Warwick ThorntonFew first-time feature filmmakers are greeted with the kind of accolades bestowed upon Australian director Warwick Thornton, whose triumphant Cannes-selected indigenous drama Samson & Delilah has prompted a gushing response from critics the country over. The film tells an at times heart wrenching story following the two titular characters, who live in an impoverished rural community outside Alice Springs. Painfully realistic performances and beautiful cinematography are among the film’s virtues; to read the full review click here. During a busy week Thornton took time out to sit down and have a yak with Cinetology, shortly before flying off to present the film at Cannes.

I opened the newspaper this morning and saw yet another five star review for Samson & Delilah. There’s 101 minutes in your film, reckon you could chalk up 101 five star reviews?

(Laughing) We wish! We’ll run out of reviewers in Australia before then.

Buzz has circulated around the film’s release for months. It’s been selected for Cannes and lavished with all sorts of accolades. Are you surprised at all the hoo-ha Samson & Delilah is generating?

Absolutely. I set out just to make a really important film to my mob – a teenage love story and something really close to my heart. When you’re making your first feature, you kind of shoot down those grandiose ideas that something like this could go this far. You just try and keep really positive and really strong about the truth behind what you’re doing and the reason you’re making the film. That’s the most important thing. It’s a little film with a big name. I made it for my mob but I made sure that it can work with a wider audience as well, and it’s just been incredible that it’s been completely embraced by a much wider audience. It’s interesting because as soon as you knock down that black wall between Aboriginals and white Australia, a film like this does become an Australian film and an Australian story. Not an Aboriginal story but a story about Australians, in a sense. It’s just as much a white story as it is a black one when you get to that position.

When you’re making a feature film, especially your first, there is always a bit of trepidation about how people will respond to it. Were you nervous?

For sure, especially since I have gone down the classic path that everybody has been complaining that Australia does – that we make these dark, insular, slightly depressing films. I knew that when I was writing the film, that it was going down the path everybody was complaining about, but this path was more important than trying to reinvent the wheel. It was more important to be truthful.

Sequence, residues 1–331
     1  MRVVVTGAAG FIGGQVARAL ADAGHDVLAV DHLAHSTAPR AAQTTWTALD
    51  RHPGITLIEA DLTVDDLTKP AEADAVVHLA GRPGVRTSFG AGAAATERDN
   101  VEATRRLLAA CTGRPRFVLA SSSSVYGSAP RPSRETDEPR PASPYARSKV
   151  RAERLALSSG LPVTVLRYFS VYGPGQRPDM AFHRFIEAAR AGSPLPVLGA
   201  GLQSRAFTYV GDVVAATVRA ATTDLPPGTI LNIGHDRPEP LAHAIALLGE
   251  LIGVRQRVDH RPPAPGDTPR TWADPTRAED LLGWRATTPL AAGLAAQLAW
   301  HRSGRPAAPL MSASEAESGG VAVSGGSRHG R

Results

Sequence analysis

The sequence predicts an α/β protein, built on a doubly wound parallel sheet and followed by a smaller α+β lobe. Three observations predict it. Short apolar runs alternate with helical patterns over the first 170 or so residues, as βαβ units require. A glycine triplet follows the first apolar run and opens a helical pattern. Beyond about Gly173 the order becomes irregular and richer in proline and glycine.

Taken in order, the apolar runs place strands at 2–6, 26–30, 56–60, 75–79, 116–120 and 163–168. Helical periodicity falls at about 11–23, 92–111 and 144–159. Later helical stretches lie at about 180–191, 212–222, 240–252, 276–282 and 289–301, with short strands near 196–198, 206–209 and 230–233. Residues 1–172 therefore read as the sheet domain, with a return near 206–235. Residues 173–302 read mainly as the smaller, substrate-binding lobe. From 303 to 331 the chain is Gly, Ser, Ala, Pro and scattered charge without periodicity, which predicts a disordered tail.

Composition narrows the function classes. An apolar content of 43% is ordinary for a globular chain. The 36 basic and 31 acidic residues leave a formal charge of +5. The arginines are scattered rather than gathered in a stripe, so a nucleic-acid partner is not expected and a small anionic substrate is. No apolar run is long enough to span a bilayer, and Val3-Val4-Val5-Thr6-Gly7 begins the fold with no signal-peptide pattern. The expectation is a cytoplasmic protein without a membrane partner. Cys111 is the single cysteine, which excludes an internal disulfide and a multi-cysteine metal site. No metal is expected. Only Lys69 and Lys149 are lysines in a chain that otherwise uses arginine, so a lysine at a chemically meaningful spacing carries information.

At what point in time did you realise that Samson and Delilah was going to be so well received? Was there a moment when you sat back, breathed a sigh of relief and thought yep – people are really going to get this movie?

I think it was after Adelaide (Film Festival). I screened it to my mob in Central Australia but only in a couple of communities, for the cast and crew that were in the film. I got complete approval from families as well as the community. There was a big sigh of relief there and it was very important to get that approval. The first screening at Adelaide was incredibly emotionally charged – there was a standing ovation and all that sort of stuff. After the third and fourth screening we then had to put on a fifth screening because of the popular demand. They were all sold out. It was like wow this is working, this is actually going to work; Australia is interested and hungry for these kinds of stories. People haven’t had the opportunity to see a film like this before. It’s always been – and I hate to use these kind of variants of it – the 7:30 Report or the 60 Minutes version that they’ve been given. They haven’t been given a drama in this kind of form, and I think Australia is really hungry for it. The door is open and audiences really want to step into this world.

On the subject of great films that have been made about indigenous Australians, when I think of good examples I think of a couple of solid films recently from Rolf de Heer – Ten Canoes and The Tracker – and in the 70s I think two of the best were made: Walkabout and The Chant of Jimmy Blacksmith. But one of the differences this time around is that your film is about indigenous society and it’s told from the perspective of an indigenous filmmaker. How important do you think this difference is? Could Samson & Delilah have been made by a white director?

I don’t think this film could have. They (white directors) could have made just as good a film but you’ve got to be careful because of realism and respect and that sort of stuff. I think a film like this could quite easily get shot down if you had a white writer, because of not having that – what do you call it? – the 100% beef mark. That kind of concept. It would be very dangerous for a white writer or director to do this film, but I truly believe we have enough stories to go around and non-indigenous writers and directors today are incredibly savvy.

On the subject of making a message or emphasising a point, did you go into production purely wanting to tell a story or did you have a particular message in mind?